In accord with the commands of Command Block 54, the program will cause the General Purpose Digital Computer 13 to: 1) send a control signal to the Local Data Set 13 (in this case a DATA TERM READY signal) ordering the Local Data Set [2 to answer the call from the remote terminal; (2) initially configure the system for the reception of ASCII/300 eight hit words; (3) start a timer which will allow a given amount of time for the establishment of data communication between the Remote Terminal and the Computer 13.

When the operations outlined in Command Block 54 have been executed, the computer program continues to Decision Block 55. Decision Block 55 tests to see if the First Character portion of an incoming CARRIAGE RETURN (CR) character has been received, Ifthe result of the test performed by Decision Block 55 is affirmative, indicating that the first character portion of the incoming CR character has been received, the program will proceed, via Simultaneous Test Line 56, to the inputs of Decision Blocks 57 through 6l.

Decision Block 57 tests to see if the First Character (FC) portion of the incoming CR character has an octal value equal to 215. If the result of the test made by Decision Block 57 is affirmative, the system will remain configured for the reception of ASCII/300 characters and the program will proceed over Exchange Data Line 62 to Command Block 63 (FIG. 3:).

In executing the operations outlined in Command Block 63, the program enables the central system to exchange data with the Remote Terminal and at the same time disables the timer which had been set by Command Block 54 (FIG. 30). When the operator of the Remote Terminal has completed his use of the central system, he will terminate his call (resulting in the disappearance of the signal CHAR DET issuing from Local Data Set [2). Decision Block 64 tests for the termination of the call from the Remote Terminal. When the result of the test performed by Decision Block 64 is affirmative, the program will proceed to Control Block 65 which will order the generation of a control signal indicating the termination of electrical communication with the Remote Terminal. The program will then return, via Return line 90 to the input to Decision Block 53 to await another incoming call.

Returning to FIG. 3a it is seen that Decision Blocks 58, 59 and 60 perform functions similar to the one performed by Decision Block 57. Decision Block 58 tests the First Character portion of the incoming CR character to determine whether it has an octal value of either 306, 3I6, 346 or 356. If the result of the test performed by Decision Block 58 is affirmative, indicating that the incoming CR character is in either ASCII} l 50 or IBM/l 35, the program will continue to Decision Block 66 where it will test for the reception of a Second Character portion of the incoming CR character. When the second character portion of the CR character is received, the program proceeds over Simultaneous Test Line 67 to Decision Blocks 68, 69 and 70. Decision Block 68 tests to see whether the Second Character portion of the incoming CR character has an octal value of 340. If the result of this test is afiirmative, the program proceeds to Command Block 71 which causes the system to become configured for the reception of eight-bit characters in ASCII/I50. When the operations of Command Block 7! have been executed, the program proceeds along Exchange Line 62 to Command Block 63 and completes the exchange sequence previously described.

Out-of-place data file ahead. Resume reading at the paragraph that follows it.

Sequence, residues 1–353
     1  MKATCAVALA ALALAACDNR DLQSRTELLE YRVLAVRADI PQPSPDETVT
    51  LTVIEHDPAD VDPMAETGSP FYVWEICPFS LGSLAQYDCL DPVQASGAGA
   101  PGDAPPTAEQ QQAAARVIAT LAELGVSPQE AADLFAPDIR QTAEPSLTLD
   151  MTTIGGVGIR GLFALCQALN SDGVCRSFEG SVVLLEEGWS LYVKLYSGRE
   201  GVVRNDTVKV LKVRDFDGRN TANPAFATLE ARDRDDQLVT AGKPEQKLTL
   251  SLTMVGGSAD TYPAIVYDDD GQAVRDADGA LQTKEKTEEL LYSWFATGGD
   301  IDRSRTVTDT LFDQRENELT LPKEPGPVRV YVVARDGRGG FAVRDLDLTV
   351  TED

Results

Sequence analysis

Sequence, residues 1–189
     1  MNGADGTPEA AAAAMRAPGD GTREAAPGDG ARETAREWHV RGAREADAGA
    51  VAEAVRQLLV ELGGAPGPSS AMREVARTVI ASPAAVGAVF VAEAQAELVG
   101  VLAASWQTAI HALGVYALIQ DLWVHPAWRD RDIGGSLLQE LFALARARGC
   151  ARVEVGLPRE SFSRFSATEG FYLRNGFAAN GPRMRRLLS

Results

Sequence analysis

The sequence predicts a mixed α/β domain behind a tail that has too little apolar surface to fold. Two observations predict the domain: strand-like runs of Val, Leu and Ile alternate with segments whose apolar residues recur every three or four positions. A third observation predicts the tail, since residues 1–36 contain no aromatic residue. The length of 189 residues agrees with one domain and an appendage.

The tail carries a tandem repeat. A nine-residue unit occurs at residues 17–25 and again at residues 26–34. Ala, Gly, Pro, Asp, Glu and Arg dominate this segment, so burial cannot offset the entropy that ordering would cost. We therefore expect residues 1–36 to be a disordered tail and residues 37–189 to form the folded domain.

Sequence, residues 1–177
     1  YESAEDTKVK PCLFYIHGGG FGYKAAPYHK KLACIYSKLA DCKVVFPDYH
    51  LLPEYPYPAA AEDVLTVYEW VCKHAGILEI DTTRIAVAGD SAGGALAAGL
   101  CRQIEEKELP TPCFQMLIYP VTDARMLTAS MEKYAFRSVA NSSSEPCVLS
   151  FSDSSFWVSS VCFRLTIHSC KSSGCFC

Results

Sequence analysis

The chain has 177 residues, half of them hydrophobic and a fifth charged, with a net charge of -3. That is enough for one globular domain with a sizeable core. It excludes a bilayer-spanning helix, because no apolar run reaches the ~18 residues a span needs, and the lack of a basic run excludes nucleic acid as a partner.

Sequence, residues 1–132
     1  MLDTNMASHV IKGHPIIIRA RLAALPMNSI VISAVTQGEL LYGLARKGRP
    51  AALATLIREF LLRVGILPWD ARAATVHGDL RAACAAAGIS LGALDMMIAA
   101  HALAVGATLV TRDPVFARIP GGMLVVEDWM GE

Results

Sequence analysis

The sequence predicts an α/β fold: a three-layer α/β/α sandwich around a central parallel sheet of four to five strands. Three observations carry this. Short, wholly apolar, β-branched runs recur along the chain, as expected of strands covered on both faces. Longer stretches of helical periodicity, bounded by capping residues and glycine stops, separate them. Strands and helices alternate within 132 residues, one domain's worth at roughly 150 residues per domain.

Similarly, if the First Character portion of the incoming CR character has an octal value of either 306, 316, 346 or 356 and if the Second Character portion of this incoming CR character meets the test of Decision Block 69, namely that the Second Character portion has an octal value of 376, then the program will proceed to Command Block 72 and will cause the central system to be configured for the reception of sevenbit IBM/l 35 characters. Upon the execution ofthe configuration operation indicated in Command Block 72, the program proceeds along Exchange Line 62 to Command Block 63 and completes the exchange sequence previously described,

If the tests of both Decision Block 68 and Decision Block 69 are negative, then the Second Character portion of the particular incoming CR character will satisfy the other charac ter" test of Decision Block 70. In such a case, the Second Character portion of the CR character does not represent a valid code and the program will proceed along line 73 to Decision Block 74. Decision Block 74 tests to see if the timer set by Command Block 54 in FIG. 30 has run out. lfthe timer has not run out the program will proceed along line 75 to Decision Block 55. The program will then cause the First and Second Character portions of the next incoming character to be tested to see if it meets one of the criteria inherent in the various decision blocks comprising the program. If no valid set of characters is received within the allotted time, the timer will run out and the program will proceed along line 76 from Decision Block 74 to Control Block 65. The operation of Control Block 65 will then result in the termination of electrical communication with the Remote Terminal.